3D printing allows for advanced personalisation of implants so they uniquely fit their recipients, as well as rapid manufacture.
Above photo: A US patient has recieved a customised sternum and partial ribcage made from 3D printed titanium and combined with Anatomics’ ‘PoreStar’ technology/ Credit: CSIRO
A partnership between the Commonwealth Scientific and Industrial Research Organisation (CSIRO) of Australia and Australian medical device company, Anatomics, has led to the first successful implantation of a 3D printed titanium and polymer sternal and rib cage in a New York patient.
Ms. Penelope Heller was diagnosed with chondrosarcoma (a rare bone cancer) in 2014 and she had to have her cancer affected sternum removed. Her surgeon fashioned a replacement sternum and ribcage using off-the-shelf solutions and while the procedure effectively removed the cancer, ongoing pain and problems breathing made post-op life unpleasant.
On August 2, 2017 the 20-year-old American underwent further surgery to replace her implant with a customised sternum and partial ribcage made from 3D printed titanium and combined with Anatomics' 'PoreStar' technology, a unique porous polyethylene material providing "bone-like" architecture to facilitate tissue integration.
According to the press release, it is the first time this technology has been used in the United States and only the second time in the world that a 3D-printed composite sternum and ribcage has been implanted.
3D printing has significant advantages over traditional manufacturing methods, particularly for biomedical applications. It allows for advanced personalisation of implants, so that they uniquely fit their recipients, as well as rapid manufacture, which could mean the difference between life and death for a patient waiting for surgery.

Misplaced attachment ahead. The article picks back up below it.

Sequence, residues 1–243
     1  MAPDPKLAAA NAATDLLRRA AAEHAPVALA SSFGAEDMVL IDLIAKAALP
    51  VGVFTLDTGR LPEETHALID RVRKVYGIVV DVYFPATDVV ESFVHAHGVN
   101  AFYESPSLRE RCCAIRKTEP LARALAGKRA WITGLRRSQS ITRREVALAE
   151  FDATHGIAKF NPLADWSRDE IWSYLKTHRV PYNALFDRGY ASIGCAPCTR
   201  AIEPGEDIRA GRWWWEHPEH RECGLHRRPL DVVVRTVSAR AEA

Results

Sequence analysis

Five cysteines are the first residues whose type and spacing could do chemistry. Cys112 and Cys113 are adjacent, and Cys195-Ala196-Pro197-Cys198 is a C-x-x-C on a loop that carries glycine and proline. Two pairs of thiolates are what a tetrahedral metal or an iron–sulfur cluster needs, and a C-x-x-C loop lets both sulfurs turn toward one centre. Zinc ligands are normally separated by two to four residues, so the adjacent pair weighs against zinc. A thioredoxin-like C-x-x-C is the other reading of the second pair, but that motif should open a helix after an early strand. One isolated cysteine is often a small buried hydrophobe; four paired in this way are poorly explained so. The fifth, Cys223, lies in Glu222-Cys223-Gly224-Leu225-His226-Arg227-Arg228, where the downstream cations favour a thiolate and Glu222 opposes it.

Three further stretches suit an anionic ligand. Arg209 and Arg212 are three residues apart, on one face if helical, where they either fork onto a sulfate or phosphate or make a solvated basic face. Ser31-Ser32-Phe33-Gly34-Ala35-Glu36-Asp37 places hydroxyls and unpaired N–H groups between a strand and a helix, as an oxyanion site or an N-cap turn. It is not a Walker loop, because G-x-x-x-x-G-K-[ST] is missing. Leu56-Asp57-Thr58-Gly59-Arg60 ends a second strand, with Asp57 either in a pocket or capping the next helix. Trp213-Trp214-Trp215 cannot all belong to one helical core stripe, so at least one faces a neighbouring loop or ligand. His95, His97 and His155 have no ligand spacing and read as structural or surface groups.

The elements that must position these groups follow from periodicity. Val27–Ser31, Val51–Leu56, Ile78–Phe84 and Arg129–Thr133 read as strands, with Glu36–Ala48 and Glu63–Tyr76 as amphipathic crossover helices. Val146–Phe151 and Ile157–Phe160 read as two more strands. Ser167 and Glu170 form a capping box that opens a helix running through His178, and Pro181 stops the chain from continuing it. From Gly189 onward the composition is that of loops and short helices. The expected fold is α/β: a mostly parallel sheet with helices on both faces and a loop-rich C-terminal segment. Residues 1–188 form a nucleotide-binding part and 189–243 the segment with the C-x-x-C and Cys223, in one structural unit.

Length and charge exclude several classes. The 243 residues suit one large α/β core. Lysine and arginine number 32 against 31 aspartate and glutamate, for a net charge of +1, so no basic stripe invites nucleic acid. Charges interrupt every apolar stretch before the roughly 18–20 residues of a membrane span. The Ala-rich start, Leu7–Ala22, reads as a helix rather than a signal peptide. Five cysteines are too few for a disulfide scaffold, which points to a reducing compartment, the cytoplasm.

CSIRO's Director of Manufacturing Dr. Keith McLean said the operation is the latest success story for the CSIRO-Anatomics partnership which began in 2014.
The two parties produced the world’s first sternum and rib cage prosthetics for a cancer patient in Spain in 2015, and another for a British man who received the implant in 2016, after his sternum was removed following a rare disease.
The 2016 implantation marked another world-first of a composite 3D printed titanium and polyethylene polymer prosthesis.
Anatomics Executive Chairman Dr. Paul D'Urso said over the past 25 years there have been thousands of successful Anatomics' implantations in patients in Europe, Australia and now the U.S.
"Anatomics' advanced capabilities in personalised healthcare have opened new doors for patients in need of implants that are customised for them rather than having to use mass produced 'off-the-shelf' devices that don't fit as well," he said.
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